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Ga Assembly Frustrates Investor

A plan by a local investor to establish a hospital at Mile Seven, Achimota to serve...

A plan by a local investor to establish a hospital at Mile Seven, Achimota to serve the community is being frustrated by the Ga District Assembly.

Dr. James Prempeh, proprietor of St. Raphael Clinic in Accra acquired a piece of land at Achimota in 1992 from the State Housing Corporation to construct a hospital to complement the efforts of the state in providing health delivery.

In 1994 Dr. Prempeh after conducting a search at Lands Commission to ascertain the true ownership of the property submitted a building plan to the Ga District Assembly for a building permit to construct a hospital and accommodation for doctors and nurses. This was to ensure that doctors and nurses stayed close to the hospital to attend to emergencies.

On July 3, 1996 the Assembly granted him permit, number GDA/ACH/516/96 to undertake the project.

With that authorisation he commenced work. But as soon as he started, some neighbours threatened the workers at the site that the project, initially estimated at ?120 million would never see light.

As if to confirm the threat, in 1999, while he was on a business trip abroad, the Ga District Assembly constructed drains through part of the land with the aim of developing a road to connect with the main road leading to Tabora.

In the process a defence wall he constructed round the site was pulled down. "I have constructed the wall four times and four times they have pulled it down," Dr. Prempeh lamented.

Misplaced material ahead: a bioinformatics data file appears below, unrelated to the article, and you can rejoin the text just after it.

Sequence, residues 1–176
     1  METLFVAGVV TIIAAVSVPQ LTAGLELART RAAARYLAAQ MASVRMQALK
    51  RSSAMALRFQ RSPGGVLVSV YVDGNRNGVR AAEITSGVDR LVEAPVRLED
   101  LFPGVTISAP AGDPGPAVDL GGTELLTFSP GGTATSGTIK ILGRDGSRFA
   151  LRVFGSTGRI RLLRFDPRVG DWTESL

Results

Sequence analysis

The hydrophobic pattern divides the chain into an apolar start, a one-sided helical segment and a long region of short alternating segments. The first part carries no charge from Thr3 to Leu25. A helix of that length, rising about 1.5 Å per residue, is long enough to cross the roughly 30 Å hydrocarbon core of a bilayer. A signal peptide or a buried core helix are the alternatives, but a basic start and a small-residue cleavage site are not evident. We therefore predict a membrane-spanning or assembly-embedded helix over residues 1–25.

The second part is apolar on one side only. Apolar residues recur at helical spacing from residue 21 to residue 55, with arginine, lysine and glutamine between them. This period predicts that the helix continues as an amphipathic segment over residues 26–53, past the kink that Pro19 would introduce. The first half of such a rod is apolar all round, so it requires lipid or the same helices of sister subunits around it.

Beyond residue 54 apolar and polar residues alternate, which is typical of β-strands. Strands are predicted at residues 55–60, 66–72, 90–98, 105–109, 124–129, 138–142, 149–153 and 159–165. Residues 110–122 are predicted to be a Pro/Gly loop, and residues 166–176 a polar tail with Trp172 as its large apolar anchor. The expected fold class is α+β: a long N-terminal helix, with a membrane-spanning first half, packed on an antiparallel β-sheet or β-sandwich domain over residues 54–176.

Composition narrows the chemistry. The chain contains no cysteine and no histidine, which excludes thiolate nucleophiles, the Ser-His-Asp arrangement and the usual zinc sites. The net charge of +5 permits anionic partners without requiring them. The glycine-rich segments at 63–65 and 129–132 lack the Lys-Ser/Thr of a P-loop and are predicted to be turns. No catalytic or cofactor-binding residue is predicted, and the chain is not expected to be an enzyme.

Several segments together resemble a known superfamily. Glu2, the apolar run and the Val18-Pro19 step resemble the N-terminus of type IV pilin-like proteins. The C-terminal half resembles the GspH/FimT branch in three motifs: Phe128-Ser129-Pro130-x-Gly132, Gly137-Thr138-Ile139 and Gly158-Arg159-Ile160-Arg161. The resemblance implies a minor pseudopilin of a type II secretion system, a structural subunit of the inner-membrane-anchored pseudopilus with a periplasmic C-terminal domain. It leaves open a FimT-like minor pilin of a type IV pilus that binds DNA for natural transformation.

He said he sought a court injunction to restrain the Assembly from encroaching on the hospital's land. On July 3 and 23 when the case was called, the counsel for State Housing Corporation indicated that the corporation had no interest in contesting the case. But the Assembly's plan to frustrate the project succeeded in holding the project up for ten years.

Because of lack of a wall and security, the hospital beds and other equipment have been stolen.

Yesterday, the new Assembly at its sitting failed to resolve the matter. After deliberating on the case, the Assembly members absolved themselves of blame and rather appealed to him to allow the road to be constructed in the interest of the community. "For now what the Assembly wants to do is to humbly appeal to you to allow us to construct the road," the District Chief Executive said.

In reply, Dr. Prempeh explained that the construction of the road would virtually obstruct the project, especially the staff accommodation. He holds the Assembly solely responsible for frustrating the project. "Why would the same Assembly which approved the plan turn round and say they want to construct a road through my hospital," Dr. Prempeh asked.

He explained that he decided to establish the hospital to serve the community because the only hospital near the area is the 37 Military Hospital, which is several kilometres away.

He said at this time that government is facing health delivery difficulties it is not in the national interest for anyone to try to frustrate local investors who want to invest in the health sector. "If I were a foreign investor probably I would not be treated that way. I have drugs in the house for myself and my family and I can fly abroad for treatment, but what of the poor in the community?"

A visit to the site of the hospital revealed that the road that is being constructed through the hospital is unnecessary because there is already a well-tarred road that leads to Tabora.

Certainly for the government to make headway in attracting both local and foreign investors, state authorities must encourage local investors first. In fact, some economists have even suggested that the starting point of a country's investment drive should be to create an enabling environment for local investors.

Dr. Prempeh's frustration is a test case for the success or failure of realising the dreams of the Golden Age of Business as declared by President Kufuor

allafrica.com